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Meaning and etymology of the name Serah

Serah Serah

Serah is the daughter of Asher, the son of Jacob (Genesis 46:17). The only thing we know about her is that she was one of the sixty-six persons who came with Jacob to Egypt to live in Goshen (Genesis 46:26).

The sources are divided about where the name might comes from because there's nothing in the Hebrew language that looks like it.

Jones' Dictionary of Old Testament Proper Names notices the high similarity between the names Serah (Serah) and and Sarah (Sarah) - even the Masoretic symbols are identical - but seems to overlook a crucial difference: Serah is spelled with a final he (he) while Sarah comes with the final heth (heth), and although these letters may look alike somewhat, they're really as different as a whale and a fish. Other notorious look-alike letters are the daleth (daleth or d) and resh (resh or r); and the letters waw (waw or w/u) and zayin (zayin or z) and the letters samekh (samekh or s) and the final mem (mem or m at the end of a word).

Perhaps anyone from a Hebrew audience would readily mistake our letter O from the letter D, especially when they are handwritten, but it would be incorrect.

Thus Jones reads Serah as Sarah II and translates both names with Princess. Here at Abarim Publications we must humbly disagree with this reading. See the name Rahab for a similar confusion.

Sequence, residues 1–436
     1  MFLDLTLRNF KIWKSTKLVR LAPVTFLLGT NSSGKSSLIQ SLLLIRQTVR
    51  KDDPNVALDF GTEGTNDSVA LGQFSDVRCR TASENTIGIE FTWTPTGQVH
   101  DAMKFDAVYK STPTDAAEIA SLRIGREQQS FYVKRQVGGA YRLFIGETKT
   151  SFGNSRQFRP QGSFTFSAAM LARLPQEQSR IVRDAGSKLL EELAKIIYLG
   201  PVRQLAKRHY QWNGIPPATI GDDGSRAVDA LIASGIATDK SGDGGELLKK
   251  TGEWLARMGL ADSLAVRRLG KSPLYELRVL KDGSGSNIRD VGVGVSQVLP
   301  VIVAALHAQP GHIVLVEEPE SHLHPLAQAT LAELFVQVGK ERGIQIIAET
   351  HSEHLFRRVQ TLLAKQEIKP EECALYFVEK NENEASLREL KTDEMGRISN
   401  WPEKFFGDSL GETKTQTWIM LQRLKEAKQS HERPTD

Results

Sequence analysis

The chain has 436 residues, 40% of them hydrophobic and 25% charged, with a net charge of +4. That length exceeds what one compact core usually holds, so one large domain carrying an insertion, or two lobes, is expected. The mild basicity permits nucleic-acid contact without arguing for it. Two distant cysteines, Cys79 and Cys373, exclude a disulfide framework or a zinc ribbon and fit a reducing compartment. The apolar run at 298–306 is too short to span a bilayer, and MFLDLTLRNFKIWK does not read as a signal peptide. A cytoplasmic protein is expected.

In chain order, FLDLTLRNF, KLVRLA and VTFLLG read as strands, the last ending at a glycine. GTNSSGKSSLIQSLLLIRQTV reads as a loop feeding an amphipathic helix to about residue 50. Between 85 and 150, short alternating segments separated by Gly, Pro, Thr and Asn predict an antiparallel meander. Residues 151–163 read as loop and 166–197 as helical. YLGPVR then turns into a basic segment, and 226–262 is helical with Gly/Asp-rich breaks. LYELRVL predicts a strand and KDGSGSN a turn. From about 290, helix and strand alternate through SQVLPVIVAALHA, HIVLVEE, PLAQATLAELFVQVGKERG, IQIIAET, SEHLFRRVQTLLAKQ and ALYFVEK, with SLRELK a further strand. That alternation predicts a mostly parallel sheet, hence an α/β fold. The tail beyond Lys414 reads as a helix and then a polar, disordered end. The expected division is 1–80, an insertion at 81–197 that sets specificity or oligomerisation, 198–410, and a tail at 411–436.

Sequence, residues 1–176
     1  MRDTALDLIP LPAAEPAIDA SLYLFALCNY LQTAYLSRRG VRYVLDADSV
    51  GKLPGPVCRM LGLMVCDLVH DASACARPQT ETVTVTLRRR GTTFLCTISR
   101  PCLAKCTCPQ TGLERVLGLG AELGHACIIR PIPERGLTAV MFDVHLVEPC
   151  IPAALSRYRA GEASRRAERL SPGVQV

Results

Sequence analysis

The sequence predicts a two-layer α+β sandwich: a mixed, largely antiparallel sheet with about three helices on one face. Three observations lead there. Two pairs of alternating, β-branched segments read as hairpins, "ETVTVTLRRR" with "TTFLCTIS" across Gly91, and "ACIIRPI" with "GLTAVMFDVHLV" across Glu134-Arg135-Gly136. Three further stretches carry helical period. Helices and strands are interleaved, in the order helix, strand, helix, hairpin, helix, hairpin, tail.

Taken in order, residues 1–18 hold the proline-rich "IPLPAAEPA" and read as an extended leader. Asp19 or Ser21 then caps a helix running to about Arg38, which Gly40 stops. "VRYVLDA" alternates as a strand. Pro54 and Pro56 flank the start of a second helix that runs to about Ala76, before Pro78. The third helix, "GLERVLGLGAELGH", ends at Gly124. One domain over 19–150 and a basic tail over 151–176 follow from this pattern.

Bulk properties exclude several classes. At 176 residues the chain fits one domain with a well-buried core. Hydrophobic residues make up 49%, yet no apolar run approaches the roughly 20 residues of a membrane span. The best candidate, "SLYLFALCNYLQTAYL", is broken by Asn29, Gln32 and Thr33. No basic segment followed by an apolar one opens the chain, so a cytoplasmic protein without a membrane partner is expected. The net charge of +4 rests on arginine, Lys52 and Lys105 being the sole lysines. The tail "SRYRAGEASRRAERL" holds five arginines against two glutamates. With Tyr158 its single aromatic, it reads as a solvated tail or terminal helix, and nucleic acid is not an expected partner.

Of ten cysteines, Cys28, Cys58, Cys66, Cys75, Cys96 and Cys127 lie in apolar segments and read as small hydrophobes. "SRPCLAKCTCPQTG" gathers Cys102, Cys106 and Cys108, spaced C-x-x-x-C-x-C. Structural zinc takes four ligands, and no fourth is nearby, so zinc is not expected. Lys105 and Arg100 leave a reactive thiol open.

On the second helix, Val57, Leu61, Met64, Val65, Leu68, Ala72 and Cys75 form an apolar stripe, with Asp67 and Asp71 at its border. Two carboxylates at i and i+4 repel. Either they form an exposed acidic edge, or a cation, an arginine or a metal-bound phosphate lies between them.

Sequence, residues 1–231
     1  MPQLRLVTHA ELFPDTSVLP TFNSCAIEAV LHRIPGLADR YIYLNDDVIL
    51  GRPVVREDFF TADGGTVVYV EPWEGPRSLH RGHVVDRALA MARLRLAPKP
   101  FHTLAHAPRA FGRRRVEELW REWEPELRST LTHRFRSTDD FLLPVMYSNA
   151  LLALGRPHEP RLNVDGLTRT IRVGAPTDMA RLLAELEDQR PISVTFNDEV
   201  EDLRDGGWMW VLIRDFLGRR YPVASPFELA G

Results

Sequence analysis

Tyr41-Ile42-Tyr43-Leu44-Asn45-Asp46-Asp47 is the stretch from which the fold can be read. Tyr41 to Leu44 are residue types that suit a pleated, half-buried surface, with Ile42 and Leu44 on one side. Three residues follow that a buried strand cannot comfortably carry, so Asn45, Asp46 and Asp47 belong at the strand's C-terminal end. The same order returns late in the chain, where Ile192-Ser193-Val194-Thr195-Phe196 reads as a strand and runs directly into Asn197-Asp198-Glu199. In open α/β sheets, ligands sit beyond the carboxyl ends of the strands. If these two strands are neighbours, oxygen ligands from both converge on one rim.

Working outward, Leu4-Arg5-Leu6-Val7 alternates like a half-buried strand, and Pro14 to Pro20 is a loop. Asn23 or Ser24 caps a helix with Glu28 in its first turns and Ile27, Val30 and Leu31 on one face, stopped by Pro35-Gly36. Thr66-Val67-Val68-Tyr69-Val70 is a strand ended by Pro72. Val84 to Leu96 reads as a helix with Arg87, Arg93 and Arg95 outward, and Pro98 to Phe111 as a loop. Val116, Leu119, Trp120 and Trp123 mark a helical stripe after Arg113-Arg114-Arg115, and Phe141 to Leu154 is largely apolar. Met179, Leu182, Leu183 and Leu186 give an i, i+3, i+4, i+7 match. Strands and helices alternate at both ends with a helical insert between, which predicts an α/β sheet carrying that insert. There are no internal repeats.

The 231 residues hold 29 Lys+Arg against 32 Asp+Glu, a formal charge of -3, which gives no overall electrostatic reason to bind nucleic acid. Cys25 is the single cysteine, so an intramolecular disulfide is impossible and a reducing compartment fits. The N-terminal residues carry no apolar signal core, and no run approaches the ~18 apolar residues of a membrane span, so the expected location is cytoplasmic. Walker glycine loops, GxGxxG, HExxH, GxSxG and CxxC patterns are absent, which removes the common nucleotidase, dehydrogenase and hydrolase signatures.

Another solution to this mystery lies in the events described in Judges 12:6. Originally there was no difference between the letters shin (shin or sh) and sin (sin or s) - see the shift of the dot on top - but at some point the singular letter dotless shin began to be pronounced in two different ways, either depending on where the speaker was from or else on the word the letter occurred in. But this resulted in a phonetic similarity between the newly arising letter sin (sin or s) and the already existing letter samekh (samekh or s), and the two began to be interchangeable. This is demonstrated in Judges 12:6, where men of Gilead identify men of Ephraim by making them say the word shibboleth (shibboleth), meaning an ear of corn. The Ephraimites pronounced that word as sibboleth (sibboleth), which identified as the enemy and got 42,000 of them killed. The scribes who penned down this story chose to write the impossible word sibboleth as the even more impossible sibboleth (sibboleth with the samekh).
Had the men of Gilead not slain all those men of Ephraim, the Ephraim way might have become standard, and we might have had a completely different Bible now.

But all this means that when we come across a hapax legomenon (that's a word of which only one written occurrence exists) that is spelled with either a shin, a sin or a samekh, should always check to see if there might be a word spelled with any of the others, and that fits the context of the word we're trying to understand. And sure enough, the word serah (serah) does not exists but the word sarah (sarah) does. It means to go free, be unrestrained or grow luxuriously (Exodus 26:12, Ezekiel 17:6, 23:15). The derived noun serah (serah) means excess or overhanging, and occurs only in Exodus 26:12.

Ergo, the name Serah means Affluence. NOBS Study Bible Name List, we're happy to report, agrees and reads Abundance.



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